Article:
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Highly clarithromycin-resistant Helicobacter pylori infection in asymptomatic children from a rural community of Cajamarca-Peru

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BMC Research Notes201811:809

https://doi.org/10.1186/s13104-018-3919-z

  • Received: 5 September 2018
  • Accepted: 9 November 2018
  • Published:

Abstract

Objective

The objective of this study was to determine the prevalence of clarithromycin-resistant Helicobacter pylori in asymptomatic children in a rural community of Cajamarca (northern Peru).

Results

Helicobacter pylori was detected in 17.2% (49/285) of the samples. Unboiled water consumption the most frequent associated factor in patients with positive PCR for H. pylori infection (93.9%). Clarithromycin resistant mutations were found in 79.6% (39/49) of the positive samples for H. pylori. The most frequent mutation was A2142G (46.9%), followed by the double-mutation A2142G–A2143G (28.6%).

Keywords

  • Helicobacter pylori
  • PCR
  • Clarithromycin
  • Gastric disease
  • Peptic ulcer disease

Introduction

Helicobacter pylori is one of the most prevalent human pathogens and the major cause of chronic gastritis, peptic ulcer disease, gastric adenocarcinoma and mucosa-associated lymphoid tissue lymphoma in children and adults [1, 2]. More than half of the world’s population is infected, with approximately 4.4 billion individuals in 2015 [3]. Infection is related mainly to socioeconomic status and living conditions so higher prevalence rates (more than 40%) are predominantly seen in low or low-to-middle-income areas [4].

Helicobacter pylori infection is generally acquired during childhood and persists throughout life if untreated. The continuous exposure is associated with the presence of gastritis and other severe complications [2]. Virulence factors, host gastric mucosal factors and patient’s environment are associated with clinical outcomes [5].

No clinical manifestations and especially not recurrent abdominal pain, have been shown to be specific to H. pylori infection in children [2, 6, 7]. Both invasive and non-invasive methods have been described for the H. pylori detection [8]. Invasive tests require an endoscopic sample and include: histologic analysis, rapid urease test and cultures. On the other hand, the urea breath test, serologic tests and the antigen detection in feces are non-invasive methods with limited applications [9]. In that sense, a positive serologic result cannot differentiate between a current and a past infection and the urea breath test requires very sophisticated equipment that usually is not available in the low-income settings [9].

In children, the collection and analysis of stool samples can be of special interest, due to their easy and fast sample collection. However, few methods are used for H. pylori detection in feces, including bacterial cultures, polymerase chain reaction (PCR) and enzymatic immunoassays [1012].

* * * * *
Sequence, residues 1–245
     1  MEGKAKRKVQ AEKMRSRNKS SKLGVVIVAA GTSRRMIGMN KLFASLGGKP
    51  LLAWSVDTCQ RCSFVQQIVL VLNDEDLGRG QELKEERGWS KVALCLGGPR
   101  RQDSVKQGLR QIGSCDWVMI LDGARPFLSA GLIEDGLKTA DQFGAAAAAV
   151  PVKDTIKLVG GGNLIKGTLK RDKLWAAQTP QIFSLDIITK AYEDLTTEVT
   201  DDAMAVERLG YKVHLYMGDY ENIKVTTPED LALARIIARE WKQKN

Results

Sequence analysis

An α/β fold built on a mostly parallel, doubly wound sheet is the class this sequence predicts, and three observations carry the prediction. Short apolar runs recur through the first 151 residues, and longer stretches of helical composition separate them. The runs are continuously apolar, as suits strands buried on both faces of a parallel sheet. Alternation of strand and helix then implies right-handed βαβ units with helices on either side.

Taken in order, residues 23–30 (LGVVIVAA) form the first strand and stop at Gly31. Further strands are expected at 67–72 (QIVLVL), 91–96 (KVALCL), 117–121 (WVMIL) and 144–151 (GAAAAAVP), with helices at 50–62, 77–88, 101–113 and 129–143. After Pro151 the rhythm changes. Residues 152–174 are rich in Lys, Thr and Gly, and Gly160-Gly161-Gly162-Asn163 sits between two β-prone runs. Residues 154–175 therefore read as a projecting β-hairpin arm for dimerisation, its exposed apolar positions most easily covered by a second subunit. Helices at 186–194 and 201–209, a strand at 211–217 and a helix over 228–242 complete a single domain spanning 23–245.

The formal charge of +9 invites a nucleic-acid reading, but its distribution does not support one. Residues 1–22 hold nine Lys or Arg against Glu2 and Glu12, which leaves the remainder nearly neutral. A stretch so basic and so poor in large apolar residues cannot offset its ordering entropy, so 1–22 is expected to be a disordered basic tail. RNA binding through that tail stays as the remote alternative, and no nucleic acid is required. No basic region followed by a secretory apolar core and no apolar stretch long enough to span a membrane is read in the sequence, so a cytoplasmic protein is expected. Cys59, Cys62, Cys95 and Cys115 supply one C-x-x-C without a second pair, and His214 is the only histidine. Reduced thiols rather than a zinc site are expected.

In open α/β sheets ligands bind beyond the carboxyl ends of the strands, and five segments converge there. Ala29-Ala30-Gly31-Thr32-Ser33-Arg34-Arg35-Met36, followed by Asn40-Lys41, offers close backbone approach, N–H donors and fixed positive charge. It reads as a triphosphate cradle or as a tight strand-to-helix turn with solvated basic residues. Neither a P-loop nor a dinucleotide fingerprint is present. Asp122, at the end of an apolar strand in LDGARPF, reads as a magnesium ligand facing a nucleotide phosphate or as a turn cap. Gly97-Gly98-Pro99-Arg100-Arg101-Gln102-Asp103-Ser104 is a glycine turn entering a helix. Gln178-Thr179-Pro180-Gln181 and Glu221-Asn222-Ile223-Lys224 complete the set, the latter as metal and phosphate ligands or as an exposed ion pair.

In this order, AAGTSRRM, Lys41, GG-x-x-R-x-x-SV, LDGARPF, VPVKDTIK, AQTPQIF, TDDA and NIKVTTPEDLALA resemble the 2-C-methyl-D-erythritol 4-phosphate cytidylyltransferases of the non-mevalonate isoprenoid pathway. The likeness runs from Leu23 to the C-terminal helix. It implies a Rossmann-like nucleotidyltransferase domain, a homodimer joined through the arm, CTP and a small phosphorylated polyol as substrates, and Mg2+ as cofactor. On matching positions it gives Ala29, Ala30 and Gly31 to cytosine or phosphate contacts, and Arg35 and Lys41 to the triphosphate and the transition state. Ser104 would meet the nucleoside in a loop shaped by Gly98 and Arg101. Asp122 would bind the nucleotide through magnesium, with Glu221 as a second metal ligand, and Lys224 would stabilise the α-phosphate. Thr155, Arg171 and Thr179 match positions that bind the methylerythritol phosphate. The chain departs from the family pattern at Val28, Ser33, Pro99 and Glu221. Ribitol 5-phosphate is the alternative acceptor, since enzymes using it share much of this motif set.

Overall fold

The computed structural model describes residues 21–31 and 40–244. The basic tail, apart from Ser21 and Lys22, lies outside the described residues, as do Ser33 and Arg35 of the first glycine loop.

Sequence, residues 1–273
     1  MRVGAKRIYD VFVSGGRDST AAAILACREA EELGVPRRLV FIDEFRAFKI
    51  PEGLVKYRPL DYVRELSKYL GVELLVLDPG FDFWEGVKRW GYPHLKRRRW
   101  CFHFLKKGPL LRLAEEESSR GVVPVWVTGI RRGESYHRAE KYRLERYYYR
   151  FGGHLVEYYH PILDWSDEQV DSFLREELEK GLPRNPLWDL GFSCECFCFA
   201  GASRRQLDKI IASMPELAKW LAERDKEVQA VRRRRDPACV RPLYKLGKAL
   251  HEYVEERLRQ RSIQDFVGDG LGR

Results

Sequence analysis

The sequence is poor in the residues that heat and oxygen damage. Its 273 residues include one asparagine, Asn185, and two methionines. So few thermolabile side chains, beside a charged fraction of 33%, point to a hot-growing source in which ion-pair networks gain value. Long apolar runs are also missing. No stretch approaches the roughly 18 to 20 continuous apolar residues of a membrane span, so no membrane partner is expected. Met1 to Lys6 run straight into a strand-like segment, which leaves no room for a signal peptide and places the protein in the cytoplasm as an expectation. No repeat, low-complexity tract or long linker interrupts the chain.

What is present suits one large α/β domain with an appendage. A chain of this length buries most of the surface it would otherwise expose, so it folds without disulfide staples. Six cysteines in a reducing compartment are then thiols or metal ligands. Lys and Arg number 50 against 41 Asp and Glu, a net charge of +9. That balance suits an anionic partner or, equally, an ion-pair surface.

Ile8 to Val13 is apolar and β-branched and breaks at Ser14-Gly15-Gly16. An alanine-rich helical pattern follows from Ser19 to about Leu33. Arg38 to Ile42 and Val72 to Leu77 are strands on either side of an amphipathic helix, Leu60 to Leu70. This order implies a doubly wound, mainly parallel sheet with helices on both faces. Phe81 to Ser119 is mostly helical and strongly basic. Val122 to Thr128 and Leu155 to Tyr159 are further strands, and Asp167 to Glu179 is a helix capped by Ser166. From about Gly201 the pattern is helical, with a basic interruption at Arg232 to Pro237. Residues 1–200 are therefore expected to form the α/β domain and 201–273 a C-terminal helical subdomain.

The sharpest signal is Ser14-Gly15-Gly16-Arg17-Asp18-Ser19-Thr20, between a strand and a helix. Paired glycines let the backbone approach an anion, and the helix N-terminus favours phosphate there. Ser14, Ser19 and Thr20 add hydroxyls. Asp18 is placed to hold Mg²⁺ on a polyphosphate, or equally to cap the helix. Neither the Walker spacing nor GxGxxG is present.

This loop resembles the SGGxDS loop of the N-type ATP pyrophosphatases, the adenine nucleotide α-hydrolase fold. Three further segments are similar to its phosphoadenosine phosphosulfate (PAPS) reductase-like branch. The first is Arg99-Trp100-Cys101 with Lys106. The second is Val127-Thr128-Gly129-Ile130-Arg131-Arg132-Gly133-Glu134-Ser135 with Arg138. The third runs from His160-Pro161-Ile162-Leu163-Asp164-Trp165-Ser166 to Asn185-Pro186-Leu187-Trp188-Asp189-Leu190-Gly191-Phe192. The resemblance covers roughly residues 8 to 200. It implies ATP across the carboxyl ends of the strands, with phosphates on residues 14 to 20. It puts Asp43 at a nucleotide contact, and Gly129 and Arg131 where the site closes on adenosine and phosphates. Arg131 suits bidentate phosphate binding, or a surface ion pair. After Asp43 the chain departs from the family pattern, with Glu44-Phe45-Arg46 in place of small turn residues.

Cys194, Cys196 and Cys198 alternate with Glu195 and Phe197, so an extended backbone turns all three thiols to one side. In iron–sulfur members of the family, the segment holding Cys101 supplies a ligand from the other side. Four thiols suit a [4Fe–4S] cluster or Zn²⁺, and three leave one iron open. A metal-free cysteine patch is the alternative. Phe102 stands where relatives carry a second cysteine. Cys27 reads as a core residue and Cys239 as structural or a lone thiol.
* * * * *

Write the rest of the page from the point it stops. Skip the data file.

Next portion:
In 1992, a Peruvian study showed extremely high levels of by H. pylori infection in all natural regions of the country, with regions that registered a prevalence higher than 80% [13]. Most recently an analysis of 1711 patients diagnosed with H. pylori by 13C-urea breath test showed a prevalence of 45.6% in Lima, the capital of Peru [14]. Also a local study associated the first H. pylori infection in infancy with more diarrheal episodes and diminished linear growth [15].

In the last few decades, non-invasive tests have been gaining importance for the early detection of H. pylori, especially in the following of treated infants [4, 11, 16]. The H. pylori eradication can drastically reduce both gastric and duodenal ulcers rates in children, as well as prevent further complications.

Most of the current regimens for the eradication of H. pylori include clarithromycin as main antibiotic. However, there are differences in the prevalence of clarithromycin-resistant strains of H. pylori among different countries [10]. It is also very worrying that the incidence of clarithromycin-resistant strains of H. pylori in children is increasing worldwide [10]. H. pylori clarithromycin resistance is related to the structural change of 23S rRNA because it is the target of clarithromycin [10]. This structural change of 23S rRNA is caused by the single nucleotide polymorphism (SNP) of the 23S rRNA gene, at the position of 2142 or 2143 in most cases [10, 17].

The main objective of this study is to determine the frequency of children infected with H. pylori, the presence of clarithromycin resistance strains and determine associated factors for this infection in a rural community of Cajamarca.

Main text

Methods

Study area

San Pablo district is a rural area located at the Peruvian North in the Cajamarca department. San Pablo has a population of 13,591 habitants, most of them having a low socioeconomic status [18].

Patients and ethics

Children between 5 and 12 years old from the single Primary School of San Pablo district who had lived for at least the previous 6 months in the study area were considered in this study. Children who had received antiparasitic treatment or laxatives in the previous 15 days from sample collection were excluded from the study.

The study protocol was approved by the Ethics committee of the Hospital Regional Docente de Cajamarca and performed according to the Helsinki declaration. Informed consent was obtained from the parents or guardians of the children before sample collection. Stool samples were stored by the Regional Laboratory of the DIRESA Cajamarca as part of their parasitic surveillance system. Permits were also requested from DIRESA Cajamarca for the use of this samples.

Sample preparation

One stool sample was obtained from each participant, they were collected in sterile containers and stored at − 20 °C.